Tomorrow, December 11, is National Eat a Bagel Day.
I spent much of my childhood in New Jersey, where finding a decent bagel was never a problem. I now realize that I was spoiled by the bakeries of my youth.
In my current haunts—western Massachusetts and northern Virginia—bagels are much harder to come by.
The other day I recalled that when I was a teenager living in India another American expatriate, Jane Abel, used to make her own bagels. (She made her own gefilte fish, too, but I’m not that brave!)
I decided to ask Jane for her bagel recipe.
Unfortunately, Jane has been back in the U.S. long enough to have lost her magic bagel formula. She did send me another recipe to try. She said it looked similar to the one she remembered.
The bagels I made looked far from perfect. Frankly, my shaping skills need a lot of work. The end products tasted much better than the bread-like substances that often masquerade as bagels, however.
As connoisseurs know, a true bagel is twice cooked—first boiled and then baked. Think of it as a baked dumpling. The double cooking creates a firm crust and a chewy interior.
These are indeed true bagels. If they look a little odd, please blame the cook and not the recipe. Actually, my friend Deb thinks I should call them “Bagels Rustica” and pretend I WANTED them to look this way!
The only change I might make another time (other than getting someone more talented to shape the darn things) would be to halve the sugar in the dough. These bagels are a tad sweet.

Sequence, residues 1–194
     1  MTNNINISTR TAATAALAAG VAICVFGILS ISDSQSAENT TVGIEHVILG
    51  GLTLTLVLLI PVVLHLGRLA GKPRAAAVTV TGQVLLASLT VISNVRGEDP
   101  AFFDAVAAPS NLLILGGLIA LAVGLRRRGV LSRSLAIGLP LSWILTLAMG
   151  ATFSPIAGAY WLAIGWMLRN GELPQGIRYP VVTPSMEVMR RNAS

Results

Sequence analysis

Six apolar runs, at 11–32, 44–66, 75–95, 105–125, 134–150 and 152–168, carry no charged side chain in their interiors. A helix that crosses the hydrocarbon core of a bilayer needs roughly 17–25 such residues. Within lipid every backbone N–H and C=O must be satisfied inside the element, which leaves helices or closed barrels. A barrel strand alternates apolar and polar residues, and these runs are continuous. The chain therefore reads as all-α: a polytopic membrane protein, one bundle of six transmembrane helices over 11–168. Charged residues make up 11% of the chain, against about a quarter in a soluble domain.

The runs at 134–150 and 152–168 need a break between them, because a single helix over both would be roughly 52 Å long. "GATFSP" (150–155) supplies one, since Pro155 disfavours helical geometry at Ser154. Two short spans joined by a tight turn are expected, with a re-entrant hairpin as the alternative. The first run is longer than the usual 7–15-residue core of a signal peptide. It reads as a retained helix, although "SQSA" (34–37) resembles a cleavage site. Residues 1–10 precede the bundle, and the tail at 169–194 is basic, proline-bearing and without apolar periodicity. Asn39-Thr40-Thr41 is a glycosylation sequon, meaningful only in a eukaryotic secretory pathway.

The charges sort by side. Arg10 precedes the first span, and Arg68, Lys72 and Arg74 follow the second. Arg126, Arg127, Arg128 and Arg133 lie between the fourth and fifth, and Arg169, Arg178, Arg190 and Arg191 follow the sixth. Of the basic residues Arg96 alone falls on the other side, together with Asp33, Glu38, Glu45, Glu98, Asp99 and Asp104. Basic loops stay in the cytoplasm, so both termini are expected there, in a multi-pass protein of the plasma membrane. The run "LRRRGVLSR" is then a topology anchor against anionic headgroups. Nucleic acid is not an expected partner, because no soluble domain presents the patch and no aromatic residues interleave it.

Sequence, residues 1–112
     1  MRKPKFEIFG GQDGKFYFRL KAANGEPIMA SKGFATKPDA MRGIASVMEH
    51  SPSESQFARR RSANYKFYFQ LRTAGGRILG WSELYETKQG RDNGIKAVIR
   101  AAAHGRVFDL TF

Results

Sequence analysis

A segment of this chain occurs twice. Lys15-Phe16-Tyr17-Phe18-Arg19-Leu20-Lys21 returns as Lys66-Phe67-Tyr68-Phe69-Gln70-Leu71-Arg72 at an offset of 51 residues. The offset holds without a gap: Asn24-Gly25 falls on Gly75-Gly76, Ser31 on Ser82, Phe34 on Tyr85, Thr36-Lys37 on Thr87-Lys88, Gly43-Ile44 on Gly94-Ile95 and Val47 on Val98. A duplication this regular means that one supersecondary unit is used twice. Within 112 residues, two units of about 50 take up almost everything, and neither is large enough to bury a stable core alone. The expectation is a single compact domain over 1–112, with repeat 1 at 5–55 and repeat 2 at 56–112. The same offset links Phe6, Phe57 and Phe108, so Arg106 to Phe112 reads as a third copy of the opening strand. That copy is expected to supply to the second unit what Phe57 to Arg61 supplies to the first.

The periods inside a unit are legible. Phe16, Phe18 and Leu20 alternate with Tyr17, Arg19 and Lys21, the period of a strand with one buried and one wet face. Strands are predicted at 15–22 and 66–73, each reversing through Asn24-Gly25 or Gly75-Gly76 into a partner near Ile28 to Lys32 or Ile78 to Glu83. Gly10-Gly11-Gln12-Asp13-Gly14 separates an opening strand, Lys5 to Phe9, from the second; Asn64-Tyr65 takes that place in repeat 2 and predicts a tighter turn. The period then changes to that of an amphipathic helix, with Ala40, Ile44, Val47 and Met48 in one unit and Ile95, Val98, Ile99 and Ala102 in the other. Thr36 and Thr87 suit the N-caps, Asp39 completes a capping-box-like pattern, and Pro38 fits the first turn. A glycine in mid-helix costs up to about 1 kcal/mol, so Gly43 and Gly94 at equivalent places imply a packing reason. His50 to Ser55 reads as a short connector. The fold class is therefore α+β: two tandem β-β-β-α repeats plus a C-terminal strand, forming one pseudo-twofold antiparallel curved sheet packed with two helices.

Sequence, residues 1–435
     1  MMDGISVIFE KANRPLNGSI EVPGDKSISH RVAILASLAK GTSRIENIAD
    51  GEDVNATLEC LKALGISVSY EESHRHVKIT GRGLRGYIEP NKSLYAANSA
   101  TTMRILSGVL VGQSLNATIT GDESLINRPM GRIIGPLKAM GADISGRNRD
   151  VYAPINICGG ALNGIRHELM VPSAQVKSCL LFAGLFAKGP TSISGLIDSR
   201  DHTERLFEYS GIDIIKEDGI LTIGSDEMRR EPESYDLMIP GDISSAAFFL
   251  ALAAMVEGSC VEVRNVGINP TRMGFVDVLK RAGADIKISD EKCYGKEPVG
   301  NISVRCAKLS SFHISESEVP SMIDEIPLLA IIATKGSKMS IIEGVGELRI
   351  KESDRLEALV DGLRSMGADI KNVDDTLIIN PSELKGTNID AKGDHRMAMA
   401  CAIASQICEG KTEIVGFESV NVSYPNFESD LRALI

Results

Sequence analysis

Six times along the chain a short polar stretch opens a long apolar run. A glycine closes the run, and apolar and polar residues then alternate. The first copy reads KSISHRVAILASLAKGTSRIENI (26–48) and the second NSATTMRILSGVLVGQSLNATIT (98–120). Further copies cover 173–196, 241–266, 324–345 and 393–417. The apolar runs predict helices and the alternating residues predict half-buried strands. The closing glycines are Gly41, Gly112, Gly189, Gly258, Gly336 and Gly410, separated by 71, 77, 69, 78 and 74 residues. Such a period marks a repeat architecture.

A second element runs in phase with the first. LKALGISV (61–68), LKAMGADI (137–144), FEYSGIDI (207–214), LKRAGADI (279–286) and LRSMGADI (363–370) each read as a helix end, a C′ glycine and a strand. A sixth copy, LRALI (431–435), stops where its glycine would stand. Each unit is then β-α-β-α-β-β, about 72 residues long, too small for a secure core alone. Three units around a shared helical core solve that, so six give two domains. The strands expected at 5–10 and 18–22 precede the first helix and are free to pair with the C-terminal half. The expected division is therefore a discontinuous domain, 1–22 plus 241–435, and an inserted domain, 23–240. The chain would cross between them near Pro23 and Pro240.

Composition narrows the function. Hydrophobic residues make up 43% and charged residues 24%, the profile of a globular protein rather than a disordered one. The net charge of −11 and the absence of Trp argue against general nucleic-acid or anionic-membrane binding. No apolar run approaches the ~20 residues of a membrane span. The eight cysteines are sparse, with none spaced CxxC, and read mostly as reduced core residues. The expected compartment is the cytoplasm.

My nephew Michael was home sick from school yesterday and was thus able to sample a bite of bagel when the first batch emerged from the oven. He pronounced the bagels “awesome.”
They are best eaten fresh and warm with a dab of butter, but they are also terrific toasted the next day and smeared/schmeared with cream cheese.
Almost Jane Abel’s Indian Bagels
4-1/4 cups bread flour
2 packages instant (rapid-rise) yeast
4 tablespoons raw sugar
1 tablespoon salt
1-1/2 cups lukewarm water
In a mixing bowl stir together 1-1/2 cups of the flour and the yeast.
In a separate bowl combine 2 tablespoons of the sugar (you will use the other 2 tablespoons later), the salt, and the water.
Stir the water mixture into the flour and yeast. Combine thoroughly at low speed on your electric mixer, scraping the sides of the bowl with a spatula from time to time.
Turn up the mixer and beat the mixture for 3 minutes.
Next comes the kneading. The bread flour makes the dough very stiff so if you have a dough hook on your mixer it is best to use it rather than knead by hand. In this case add all of the remaining flour. Mix on medium speed with the dough hook for 4 to 5 minutes, stopping from time to time to redistribute the dough.
You will have VERY stiff dough—but don’t worry; it will loosen up as it rises.
If you don’t have a dough hook, add the remaining flour gradually as you knead. Kneading by hand will take 8 to 10 minutes. Again, expect very stiff dough.
Place the dough in a greased bowl, cover it with a damp dish towel, and let it rise in a relatively warm place until it puffs up a bit, 1 to 1-1/2 hours.
Divide the dough into 12 (I actually had 14) small balls, and roll them as smoothly as you can. This is not my specialty so my balls—and my bagels–were ragged. If you are good with shaping, however, you’ll do better than I did!
Use your index finger to poke a hole in the center of each ball. Gently work to make the center a bit bigger—the bagels tend to close up as they cook—and smooth the rounds into bagel shapes.
Cover the bagels again and let them rise for at least 1/2 hour.
Preheat the oven to 375 degrees. In a wide 8-quart pot bring 4 quarts of water to a boil, along with the remaining sugar.